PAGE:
during a reply to a thread about design for testability, Pat Maddox wrote something interesting about how the inherent testability in Ruby still does not make up for the lack of design skills:
“Too often I'm finding in the Ruby community we've got people who have learned how to test, and even take advantage of Ruby's flexibility when writing tests, but have never learned how to design. They end up doing crazy shit because (a) they don't know any better and (b) they can.”
My immediate thought was that the community’s biggest mistake is sticking to tooling that tries to fix “b” (because they can) instead of “a” (they don’t know any better")
it leads to a false sense of teaching when you’re just making people go through hoops to get things testable in a different way, and still does not teach proper design.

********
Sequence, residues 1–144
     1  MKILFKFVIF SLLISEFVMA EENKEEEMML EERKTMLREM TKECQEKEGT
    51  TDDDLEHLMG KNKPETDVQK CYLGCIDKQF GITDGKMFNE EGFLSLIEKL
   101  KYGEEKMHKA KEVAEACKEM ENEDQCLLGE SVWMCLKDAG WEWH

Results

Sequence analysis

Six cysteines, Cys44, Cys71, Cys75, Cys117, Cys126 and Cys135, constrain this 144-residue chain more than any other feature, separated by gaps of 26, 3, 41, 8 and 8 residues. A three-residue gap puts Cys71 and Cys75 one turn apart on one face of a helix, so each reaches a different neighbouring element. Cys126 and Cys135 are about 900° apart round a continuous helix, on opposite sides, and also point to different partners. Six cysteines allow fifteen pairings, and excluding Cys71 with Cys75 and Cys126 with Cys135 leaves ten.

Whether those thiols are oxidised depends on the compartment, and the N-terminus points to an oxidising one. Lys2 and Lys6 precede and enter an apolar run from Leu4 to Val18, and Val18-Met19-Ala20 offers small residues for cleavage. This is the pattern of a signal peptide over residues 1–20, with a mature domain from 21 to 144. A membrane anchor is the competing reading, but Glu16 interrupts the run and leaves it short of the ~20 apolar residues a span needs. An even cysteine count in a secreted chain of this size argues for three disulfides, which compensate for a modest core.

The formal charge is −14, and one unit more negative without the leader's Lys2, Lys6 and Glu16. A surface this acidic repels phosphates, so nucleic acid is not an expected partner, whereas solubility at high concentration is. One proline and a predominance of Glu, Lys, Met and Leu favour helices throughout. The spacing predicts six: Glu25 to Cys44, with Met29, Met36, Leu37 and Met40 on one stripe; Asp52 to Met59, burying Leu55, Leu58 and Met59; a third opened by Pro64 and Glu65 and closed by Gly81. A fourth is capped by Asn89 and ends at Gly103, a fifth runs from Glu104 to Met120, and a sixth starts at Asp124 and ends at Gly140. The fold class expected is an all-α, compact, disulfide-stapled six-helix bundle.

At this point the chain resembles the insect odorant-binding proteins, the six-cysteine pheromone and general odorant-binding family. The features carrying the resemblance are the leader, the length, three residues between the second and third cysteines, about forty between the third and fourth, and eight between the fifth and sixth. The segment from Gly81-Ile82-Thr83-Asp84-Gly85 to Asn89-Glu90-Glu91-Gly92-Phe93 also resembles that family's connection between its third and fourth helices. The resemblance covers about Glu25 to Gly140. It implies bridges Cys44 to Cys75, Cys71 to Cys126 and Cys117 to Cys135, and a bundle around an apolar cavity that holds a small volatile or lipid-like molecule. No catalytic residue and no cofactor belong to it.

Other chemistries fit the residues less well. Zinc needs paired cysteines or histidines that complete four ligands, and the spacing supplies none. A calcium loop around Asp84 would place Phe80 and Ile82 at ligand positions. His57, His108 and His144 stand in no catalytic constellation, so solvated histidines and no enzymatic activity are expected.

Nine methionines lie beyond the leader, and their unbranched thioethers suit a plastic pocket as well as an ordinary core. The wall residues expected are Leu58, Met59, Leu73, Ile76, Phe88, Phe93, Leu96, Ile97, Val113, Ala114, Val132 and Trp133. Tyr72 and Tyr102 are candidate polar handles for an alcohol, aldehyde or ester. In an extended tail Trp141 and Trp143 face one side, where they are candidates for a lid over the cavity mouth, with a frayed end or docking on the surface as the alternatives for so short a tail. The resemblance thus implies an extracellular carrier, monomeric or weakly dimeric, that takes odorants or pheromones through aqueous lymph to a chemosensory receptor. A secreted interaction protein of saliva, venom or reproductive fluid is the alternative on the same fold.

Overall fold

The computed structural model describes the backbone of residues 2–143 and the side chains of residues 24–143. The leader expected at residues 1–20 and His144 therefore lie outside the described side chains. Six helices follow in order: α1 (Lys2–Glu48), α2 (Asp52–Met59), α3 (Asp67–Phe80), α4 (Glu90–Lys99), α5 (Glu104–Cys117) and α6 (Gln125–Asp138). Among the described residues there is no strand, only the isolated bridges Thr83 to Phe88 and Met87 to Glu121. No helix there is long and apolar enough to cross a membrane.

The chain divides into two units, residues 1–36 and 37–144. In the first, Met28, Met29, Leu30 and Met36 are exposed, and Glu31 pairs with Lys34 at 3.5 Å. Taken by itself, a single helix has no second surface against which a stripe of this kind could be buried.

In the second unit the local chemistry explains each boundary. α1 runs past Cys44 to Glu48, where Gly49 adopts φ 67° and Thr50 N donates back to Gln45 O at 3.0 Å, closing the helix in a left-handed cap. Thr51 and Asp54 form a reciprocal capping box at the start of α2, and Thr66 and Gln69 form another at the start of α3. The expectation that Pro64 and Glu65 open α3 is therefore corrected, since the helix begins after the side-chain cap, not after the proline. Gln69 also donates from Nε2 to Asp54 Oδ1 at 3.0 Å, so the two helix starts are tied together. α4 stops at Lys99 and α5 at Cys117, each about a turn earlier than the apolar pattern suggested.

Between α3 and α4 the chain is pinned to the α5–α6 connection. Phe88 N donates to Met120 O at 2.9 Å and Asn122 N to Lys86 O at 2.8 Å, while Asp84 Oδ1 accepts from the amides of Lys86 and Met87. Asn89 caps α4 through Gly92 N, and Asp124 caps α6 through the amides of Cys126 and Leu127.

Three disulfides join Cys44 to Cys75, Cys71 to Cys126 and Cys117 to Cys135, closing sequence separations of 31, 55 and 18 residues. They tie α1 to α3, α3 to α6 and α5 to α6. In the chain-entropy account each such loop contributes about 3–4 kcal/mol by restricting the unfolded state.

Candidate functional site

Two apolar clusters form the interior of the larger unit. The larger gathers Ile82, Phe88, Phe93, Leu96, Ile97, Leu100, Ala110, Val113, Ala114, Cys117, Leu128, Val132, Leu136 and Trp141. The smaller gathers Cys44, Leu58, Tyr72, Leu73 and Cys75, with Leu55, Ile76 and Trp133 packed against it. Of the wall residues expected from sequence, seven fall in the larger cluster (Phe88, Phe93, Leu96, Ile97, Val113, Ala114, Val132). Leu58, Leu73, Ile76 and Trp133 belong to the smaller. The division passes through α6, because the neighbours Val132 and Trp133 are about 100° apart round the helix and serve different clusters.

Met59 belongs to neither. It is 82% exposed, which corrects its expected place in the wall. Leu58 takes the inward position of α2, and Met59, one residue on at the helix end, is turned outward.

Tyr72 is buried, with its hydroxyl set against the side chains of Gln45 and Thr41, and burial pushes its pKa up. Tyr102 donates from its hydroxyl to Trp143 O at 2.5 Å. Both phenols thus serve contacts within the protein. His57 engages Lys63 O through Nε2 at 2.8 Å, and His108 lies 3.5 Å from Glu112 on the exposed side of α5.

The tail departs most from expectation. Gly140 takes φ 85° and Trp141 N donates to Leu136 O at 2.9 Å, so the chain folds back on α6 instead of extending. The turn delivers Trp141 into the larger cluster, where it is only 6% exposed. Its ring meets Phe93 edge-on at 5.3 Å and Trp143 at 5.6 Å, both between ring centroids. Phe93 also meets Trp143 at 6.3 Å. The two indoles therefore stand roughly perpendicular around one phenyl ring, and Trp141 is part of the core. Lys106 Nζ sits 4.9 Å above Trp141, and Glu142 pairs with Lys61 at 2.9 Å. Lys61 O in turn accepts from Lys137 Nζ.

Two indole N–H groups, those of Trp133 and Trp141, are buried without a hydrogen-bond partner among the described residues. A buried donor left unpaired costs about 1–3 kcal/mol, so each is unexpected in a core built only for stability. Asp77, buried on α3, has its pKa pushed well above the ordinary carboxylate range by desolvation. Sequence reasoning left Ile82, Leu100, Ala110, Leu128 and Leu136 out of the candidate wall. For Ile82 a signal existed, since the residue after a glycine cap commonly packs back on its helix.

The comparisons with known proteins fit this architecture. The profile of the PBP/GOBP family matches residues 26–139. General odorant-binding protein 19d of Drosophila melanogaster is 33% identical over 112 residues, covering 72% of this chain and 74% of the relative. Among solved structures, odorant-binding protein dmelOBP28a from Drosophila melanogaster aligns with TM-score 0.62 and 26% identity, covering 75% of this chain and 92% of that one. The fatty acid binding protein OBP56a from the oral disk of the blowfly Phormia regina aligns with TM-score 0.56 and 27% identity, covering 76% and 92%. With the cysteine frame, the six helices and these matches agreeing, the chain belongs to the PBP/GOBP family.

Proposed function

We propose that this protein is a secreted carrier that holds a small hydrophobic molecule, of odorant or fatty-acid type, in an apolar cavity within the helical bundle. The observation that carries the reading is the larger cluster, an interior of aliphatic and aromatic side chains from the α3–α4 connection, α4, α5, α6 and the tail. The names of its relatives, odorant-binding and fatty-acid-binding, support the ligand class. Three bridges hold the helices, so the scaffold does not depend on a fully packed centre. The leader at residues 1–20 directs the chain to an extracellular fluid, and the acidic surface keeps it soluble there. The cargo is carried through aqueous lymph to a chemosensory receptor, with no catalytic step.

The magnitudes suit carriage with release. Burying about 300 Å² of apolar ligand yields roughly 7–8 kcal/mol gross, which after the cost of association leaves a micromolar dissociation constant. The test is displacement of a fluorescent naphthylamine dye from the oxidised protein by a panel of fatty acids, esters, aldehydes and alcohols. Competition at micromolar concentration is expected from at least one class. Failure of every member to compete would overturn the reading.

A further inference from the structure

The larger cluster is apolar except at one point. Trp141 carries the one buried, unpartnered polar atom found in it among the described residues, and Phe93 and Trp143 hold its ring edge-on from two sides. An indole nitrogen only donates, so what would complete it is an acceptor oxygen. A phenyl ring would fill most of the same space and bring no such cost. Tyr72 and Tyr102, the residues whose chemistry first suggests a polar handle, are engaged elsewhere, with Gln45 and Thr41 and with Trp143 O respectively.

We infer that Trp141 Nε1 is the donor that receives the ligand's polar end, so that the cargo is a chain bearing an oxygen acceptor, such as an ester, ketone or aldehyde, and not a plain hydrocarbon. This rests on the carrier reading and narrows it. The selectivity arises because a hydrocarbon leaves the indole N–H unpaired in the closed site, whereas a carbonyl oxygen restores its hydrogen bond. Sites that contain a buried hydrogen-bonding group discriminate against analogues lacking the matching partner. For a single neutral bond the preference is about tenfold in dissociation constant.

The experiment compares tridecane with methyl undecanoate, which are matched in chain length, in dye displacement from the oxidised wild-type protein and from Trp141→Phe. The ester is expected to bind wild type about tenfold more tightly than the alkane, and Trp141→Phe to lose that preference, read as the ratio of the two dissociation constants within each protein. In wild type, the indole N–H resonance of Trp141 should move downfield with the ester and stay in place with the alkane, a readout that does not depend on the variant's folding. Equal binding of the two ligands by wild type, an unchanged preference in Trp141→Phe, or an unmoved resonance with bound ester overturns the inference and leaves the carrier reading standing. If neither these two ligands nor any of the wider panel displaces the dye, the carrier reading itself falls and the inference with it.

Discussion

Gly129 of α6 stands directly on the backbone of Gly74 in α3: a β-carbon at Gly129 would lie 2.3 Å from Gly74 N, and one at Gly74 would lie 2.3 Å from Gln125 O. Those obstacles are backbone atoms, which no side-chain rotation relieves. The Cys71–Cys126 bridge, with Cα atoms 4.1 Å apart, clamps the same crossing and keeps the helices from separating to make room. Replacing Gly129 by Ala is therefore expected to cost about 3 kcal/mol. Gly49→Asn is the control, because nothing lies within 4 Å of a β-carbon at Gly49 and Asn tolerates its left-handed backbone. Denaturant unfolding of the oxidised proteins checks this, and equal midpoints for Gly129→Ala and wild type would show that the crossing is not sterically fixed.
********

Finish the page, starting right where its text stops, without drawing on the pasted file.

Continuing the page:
it’s like the old debate of whether you should give out condoms to teenagers or teach\force them abstinence. they will have sex, it’s just a matter of how well you educate them about it, and give them the proper knowledge and tooling to handle it safely. forcing them to hide it or assuming that they don’t do it because you told them so isn’t going to work.
Just because you force someone to work with MOQ doesn’t mean their design will not be crappy, it just means you feel better about yourself, and you’re not teaching them the right thing – when and where to use design techniques in which situations.
Instead, start doing brown bags, code reviews and get some copies of clean code.